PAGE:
Last year Gordon Brown visited Dubai and, with his usual level of insight, praised the country for helping mitigate the global financial crisis.
In reality, Dubai’s crisis will have an effect on jobs and companies here. The United Arab Emirates (UAE) holds at least £5.9 billion of investments in Britain, while British firms have holdings of £4.6 billion there.
The emirate’s companies own parts of Alton Towers, the London Eye, P&O and hotel chain Travelodge.
Dubai even owns a 20.56 percent stake in the London Stock Exchange itself.
During the current crisis more than £14 billion was wiped off the share value of Britain’s banks—many of which are now owned by the Labour government.
That is before even counting the at least £30 billion of loans to the UAE the banks have built up.
British bosses were at the heart of trying to cash in on the Dubai bubble. Over 30 percent of company bosses in the Dubai financial sector are British nationals.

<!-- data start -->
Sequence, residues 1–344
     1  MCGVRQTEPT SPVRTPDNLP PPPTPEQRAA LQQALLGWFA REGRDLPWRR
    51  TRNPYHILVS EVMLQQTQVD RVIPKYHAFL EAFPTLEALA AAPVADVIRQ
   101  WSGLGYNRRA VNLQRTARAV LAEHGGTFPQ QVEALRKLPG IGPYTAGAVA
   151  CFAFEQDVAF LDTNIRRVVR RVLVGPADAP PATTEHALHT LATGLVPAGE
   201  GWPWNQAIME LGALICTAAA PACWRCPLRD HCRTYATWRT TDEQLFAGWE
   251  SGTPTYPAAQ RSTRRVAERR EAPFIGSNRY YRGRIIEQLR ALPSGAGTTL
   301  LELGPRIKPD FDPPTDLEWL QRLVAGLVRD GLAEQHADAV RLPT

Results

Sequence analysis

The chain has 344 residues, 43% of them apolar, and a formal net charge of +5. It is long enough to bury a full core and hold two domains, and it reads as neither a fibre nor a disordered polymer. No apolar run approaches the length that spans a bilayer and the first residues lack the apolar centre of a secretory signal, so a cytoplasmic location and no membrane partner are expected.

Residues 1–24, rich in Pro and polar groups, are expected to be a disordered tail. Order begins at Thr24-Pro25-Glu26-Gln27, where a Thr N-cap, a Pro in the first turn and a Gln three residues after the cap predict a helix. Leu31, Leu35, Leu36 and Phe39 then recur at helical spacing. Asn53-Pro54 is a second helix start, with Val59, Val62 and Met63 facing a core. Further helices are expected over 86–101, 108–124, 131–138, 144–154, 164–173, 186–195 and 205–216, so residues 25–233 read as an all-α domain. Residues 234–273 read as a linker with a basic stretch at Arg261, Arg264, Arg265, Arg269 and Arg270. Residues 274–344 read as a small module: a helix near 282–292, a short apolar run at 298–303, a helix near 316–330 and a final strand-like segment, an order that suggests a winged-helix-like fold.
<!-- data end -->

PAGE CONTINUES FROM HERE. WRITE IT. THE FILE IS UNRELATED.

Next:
The construction industry in Britain is now owed £250 million in unpaid bills from Dubai.
And the companies at the heart of the PFI scam projects for our schools and hospitals are up to their necks in the Dubai crisis.
Yet again ordinary people will feel the brunt of the reality of financial speculation.
Will Greece go bust in the crisis?
Is Greece the next Iceland? The financial press is speculating that because of its spiralling budget deficit it may have to call for an International Monetary Fund (IMF) bail out.
Greece looks likely to be an early casualty of the Dubai crash. Its banks are also in serious trouble over their massive investments in the Balkans, which have gone belly up.
The new centre-left government is set to unveil its first budget. The European Union and the IMF are demanding cuts.
But the same advisors also express fears that the country’s combative working class might take to the streets, just as in Iceland earlier this year, where the government was forced from office.